In contrast, while the marginal farmer was unable to face the humiliation that comes with indebtedness and ended his life, we don’t see any change in the lifestyle of the owners of these defaulting companies. In fact, they feel recharged after being divested of the financial burden they were reeling under. It’s a new life offered to them on a platter.

This is how the banking system works. When it comes to industries, it looks at every opportunity to strike-off as much of the defaulting amount as possible. AML defaulted to the tune of Rs 5,370 crore, and under the Insolvency and Bankruptcy Code (IBC) it has been allowed to walk away after a settlement was reached with the UK-based Liberty House Group for Rs 410-crore. In other words, the company gets a write-off or call it a ‘haircut’ for Rs 4,960-crore. I don’t think it is even fair to call it a ‘haircut’ as it is nothing short a complete head shave.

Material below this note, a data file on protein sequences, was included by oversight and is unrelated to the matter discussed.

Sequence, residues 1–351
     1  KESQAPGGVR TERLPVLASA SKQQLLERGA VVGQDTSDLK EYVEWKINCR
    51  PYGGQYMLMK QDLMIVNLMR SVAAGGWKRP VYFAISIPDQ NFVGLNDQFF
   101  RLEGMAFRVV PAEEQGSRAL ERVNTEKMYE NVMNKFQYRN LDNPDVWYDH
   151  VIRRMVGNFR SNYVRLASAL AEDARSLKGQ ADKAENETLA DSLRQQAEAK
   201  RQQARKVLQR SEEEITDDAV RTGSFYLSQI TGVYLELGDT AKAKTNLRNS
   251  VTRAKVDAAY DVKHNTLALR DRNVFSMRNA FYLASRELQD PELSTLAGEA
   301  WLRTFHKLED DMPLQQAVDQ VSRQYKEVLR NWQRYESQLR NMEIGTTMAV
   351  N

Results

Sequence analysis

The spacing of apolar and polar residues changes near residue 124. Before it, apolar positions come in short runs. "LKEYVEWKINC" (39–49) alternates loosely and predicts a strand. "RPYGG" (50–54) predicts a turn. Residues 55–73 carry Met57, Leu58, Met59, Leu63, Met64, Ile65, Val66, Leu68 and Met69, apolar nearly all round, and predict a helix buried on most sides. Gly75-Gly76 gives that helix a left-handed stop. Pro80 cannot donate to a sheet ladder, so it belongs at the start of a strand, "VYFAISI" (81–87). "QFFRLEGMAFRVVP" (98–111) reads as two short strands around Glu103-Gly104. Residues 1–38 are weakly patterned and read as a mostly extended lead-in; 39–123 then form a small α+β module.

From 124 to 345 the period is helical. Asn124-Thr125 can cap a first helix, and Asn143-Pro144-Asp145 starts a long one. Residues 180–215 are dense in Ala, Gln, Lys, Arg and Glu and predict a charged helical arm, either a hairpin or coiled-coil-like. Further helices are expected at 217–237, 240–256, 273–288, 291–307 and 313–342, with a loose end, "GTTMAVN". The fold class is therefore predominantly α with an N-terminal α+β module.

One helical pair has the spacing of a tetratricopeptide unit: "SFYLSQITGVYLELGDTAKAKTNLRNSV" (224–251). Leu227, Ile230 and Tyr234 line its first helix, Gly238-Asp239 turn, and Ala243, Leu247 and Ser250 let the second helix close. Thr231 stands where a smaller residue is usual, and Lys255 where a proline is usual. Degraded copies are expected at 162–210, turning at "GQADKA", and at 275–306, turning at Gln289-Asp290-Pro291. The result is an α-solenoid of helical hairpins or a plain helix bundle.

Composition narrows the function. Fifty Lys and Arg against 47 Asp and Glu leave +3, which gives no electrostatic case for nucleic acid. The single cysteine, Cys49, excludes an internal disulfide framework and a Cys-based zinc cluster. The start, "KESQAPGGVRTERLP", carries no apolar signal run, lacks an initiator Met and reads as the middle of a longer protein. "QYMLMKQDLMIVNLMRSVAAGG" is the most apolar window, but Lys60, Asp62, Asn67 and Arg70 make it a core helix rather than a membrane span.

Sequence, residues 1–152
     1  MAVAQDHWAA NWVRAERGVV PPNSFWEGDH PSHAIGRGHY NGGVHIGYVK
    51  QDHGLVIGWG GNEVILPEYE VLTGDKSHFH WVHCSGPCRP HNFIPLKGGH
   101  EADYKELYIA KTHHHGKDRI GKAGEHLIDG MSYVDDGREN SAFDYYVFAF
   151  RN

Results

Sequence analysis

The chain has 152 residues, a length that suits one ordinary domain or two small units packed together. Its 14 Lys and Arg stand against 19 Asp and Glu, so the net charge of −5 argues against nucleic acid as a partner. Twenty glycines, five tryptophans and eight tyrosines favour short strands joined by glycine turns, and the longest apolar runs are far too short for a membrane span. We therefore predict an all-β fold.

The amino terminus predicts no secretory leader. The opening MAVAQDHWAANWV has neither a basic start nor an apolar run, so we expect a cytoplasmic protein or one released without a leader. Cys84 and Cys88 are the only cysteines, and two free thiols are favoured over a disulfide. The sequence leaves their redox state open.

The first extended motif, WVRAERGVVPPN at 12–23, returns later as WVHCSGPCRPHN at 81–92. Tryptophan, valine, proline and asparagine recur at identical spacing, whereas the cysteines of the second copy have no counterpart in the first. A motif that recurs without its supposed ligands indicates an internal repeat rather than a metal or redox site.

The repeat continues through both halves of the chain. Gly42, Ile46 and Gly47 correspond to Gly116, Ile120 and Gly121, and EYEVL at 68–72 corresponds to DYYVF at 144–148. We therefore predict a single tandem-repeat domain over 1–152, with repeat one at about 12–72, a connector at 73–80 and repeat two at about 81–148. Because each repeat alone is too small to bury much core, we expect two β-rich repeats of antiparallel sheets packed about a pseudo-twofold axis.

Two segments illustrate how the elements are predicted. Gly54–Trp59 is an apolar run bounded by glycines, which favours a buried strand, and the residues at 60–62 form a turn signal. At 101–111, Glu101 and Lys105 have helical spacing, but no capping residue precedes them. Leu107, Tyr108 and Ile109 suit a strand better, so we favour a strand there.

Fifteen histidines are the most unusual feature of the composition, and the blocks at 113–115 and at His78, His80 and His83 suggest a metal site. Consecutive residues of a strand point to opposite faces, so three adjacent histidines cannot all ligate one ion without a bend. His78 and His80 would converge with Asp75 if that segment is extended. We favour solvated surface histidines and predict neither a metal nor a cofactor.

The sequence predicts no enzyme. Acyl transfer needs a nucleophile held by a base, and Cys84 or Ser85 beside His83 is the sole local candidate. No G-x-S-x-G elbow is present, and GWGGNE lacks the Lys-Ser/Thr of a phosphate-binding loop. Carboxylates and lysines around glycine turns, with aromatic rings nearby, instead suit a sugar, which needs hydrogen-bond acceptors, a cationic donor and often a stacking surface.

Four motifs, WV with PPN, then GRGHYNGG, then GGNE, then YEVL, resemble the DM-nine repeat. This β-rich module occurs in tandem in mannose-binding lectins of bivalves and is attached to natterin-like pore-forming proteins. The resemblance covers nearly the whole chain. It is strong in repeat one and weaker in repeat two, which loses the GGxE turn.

In conversation with farmers at Govindpur village, Banda district. Credit: Shridhar Sudhir/Veditum-SANDRP

In conversation with farmers at Govindpur village, Banda district. Credit: Shridhar Sudhir/Veditum-SANDRP

Compare this with the Rs 229.80 crore outstanding loan pending against 12,625 Punjab farmers that the Punjab Agricultural Development Bank is trying to recover. It is not even a sizeable fraction of the huge amount written-off for just one industrial house. Call it a settlement to affect a resolution plan for the companies declared bankrupt; the economic jargon actually is an attempt to hide what in reality is more than a write-off. By selling off a loss making unit the promoter walks out free from what would otherwise be a life-long indebtedness. Almost the entire debt is eventually borne by the tax-payers.

This is what Noam Chomsky calls it as ‘tough love – tough for the poor and love for the rich’.